Pressured by other EU governments, Spain has asked the EU for €125 billion in aid to bail out its banks. European leaders say this amount well exceeds what is needed, but they are miscalculating. As with Greece, the aid package is likely too little to permanently quell investor fears that Spain’s banks will collapse, and conditions imposed by Germany could make Spain’s situation worse.
Spain’s predicament is wholly different from Greece and Italy—its government is hardly inclined to spend too much.
Prior to the global financial crisis, Spain enjoyed a boom in tourism and home construction, as richer northern Europeans sought vacations and second homes in its sunny climate. Robust construction and tourism drove growth and provided Madrid with adequate taxes. Unlike Rome and Athens, it enjoyed persistent budget surpluses.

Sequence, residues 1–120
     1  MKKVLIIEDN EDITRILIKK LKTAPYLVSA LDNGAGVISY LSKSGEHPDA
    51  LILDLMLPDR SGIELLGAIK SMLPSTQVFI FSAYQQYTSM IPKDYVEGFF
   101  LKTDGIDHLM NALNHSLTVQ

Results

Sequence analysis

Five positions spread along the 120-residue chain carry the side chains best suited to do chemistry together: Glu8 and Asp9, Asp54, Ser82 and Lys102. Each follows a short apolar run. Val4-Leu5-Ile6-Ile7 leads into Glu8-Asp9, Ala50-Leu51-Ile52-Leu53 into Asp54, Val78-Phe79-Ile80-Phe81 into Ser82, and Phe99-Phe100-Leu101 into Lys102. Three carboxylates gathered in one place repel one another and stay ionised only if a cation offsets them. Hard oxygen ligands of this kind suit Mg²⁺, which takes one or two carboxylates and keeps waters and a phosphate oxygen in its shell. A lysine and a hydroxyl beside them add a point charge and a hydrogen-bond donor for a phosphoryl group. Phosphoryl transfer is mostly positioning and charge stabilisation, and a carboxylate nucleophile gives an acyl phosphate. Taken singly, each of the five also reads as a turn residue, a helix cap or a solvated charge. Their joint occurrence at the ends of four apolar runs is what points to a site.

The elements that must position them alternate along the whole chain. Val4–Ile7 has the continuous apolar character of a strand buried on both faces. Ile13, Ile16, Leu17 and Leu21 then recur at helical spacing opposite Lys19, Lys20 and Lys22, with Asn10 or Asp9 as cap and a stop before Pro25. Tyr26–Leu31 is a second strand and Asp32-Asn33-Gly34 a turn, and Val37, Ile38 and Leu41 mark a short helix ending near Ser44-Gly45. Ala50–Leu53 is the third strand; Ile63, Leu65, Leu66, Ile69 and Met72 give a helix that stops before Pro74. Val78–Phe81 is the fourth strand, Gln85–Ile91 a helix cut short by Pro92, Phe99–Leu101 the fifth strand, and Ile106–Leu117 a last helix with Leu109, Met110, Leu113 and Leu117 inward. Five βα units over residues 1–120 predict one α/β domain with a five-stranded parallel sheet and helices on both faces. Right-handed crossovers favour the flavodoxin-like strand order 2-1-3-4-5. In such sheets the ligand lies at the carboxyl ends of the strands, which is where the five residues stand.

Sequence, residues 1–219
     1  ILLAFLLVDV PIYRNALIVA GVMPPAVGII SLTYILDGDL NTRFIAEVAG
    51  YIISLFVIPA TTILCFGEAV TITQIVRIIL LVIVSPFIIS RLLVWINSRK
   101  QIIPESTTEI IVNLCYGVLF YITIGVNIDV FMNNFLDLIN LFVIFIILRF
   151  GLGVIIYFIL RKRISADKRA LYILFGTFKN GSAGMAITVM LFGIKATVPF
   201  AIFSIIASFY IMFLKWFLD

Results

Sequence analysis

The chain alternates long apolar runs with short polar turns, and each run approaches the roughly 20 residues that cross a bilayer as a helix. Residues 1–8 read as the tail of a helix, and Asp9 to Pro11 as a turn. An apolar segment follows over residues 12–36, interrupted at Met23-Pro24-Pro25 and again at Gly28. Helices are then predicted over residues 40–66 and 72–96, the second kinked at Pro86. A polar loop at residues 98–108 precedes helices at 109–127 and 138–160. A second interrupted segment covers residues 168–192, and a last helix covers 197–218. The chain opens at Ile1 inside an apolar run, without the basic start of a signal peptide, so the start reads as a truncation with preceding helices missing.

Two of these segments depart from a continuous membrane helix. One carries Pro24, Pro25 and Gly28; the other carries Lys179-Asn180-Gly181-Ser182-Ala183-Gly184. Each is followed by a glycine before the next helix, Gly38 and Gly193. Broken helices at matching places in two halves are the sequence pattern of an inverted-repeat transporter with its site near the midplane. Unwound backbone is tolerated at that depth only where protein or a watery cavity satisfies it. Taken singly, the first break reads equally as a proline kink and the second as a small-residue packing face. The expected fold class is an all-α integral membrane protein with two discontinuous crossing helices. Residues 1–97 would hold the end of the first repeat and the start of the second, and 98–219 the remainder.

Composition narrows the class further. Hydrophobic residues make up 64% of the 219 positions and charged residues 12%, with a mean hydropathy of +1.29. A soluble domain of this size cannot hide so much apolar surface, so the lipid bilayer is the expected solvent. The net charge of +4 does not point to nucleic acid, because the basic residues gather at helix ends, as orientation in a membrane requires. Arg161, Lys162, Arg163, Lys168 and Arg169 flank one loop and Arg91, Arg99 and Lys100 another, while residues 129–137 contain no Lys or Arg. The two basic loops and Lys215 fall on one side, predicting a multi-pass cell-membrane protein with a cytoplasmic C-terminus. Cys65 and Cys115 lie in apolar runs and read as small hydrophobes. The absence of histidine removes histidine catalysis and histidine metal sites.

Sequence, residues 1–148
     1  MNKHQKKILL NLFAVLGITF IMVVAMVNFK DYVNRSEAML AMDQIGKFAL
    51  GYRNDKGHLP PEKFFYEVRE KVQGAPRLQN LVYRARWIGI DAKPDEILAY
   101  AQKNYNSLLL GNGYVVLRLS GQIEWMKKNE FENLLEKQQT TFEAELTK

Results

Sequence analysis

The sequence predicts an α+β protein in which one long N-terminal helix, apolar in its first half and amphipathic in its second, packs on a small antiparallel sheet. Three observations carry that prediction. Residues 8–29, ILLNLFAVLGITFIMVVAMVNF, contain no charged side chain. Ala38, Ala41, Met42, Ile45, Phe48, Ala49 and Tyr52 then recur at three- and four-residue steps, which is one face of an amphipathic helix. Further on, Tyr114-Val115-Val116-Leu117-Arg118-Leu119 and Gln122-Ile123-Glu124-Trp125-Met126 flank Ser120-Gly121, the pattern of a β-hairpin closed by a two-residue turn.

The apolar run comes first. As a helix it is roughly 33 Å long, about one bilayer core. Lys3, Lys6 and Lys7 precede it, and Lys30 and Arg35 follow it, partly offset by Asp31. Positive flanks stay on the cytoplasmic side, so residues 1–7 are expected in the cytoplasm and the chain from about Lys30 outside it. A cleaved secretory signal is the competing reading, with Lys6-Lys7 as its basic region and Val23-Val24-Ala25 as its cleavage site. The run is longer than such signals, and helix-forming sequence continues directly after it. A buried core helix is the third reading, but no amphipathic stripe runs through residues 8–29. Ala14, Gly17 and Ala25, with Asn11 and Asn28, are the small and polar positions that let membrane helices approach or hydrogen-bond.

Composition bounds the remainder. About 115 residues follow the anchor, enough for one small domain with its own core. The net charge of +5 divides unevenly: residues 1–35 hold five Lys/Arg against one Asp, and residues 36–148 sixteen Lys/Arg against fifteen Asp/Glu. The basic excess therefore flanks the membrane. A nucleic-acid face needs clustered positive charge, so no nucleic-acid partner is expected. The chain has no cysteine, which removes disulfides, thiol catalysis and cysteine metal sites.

Foreigners invested in Spanish bank securities, and the latter financed a hotel and housing boom. In the wake of the financial crisis, loans defaulted and Spanish banks were stuck with non-performing real estate loans.
Unlike the Federal Reserve, Spain’s central bank cannot print money to mop up bad loans, and the European Central Bank is not empowered to bail out banks and impose reforms. Hence, Spain’s national government had to borrow euros in international bond markets to save its banks.Page 1 of 4 | Next Page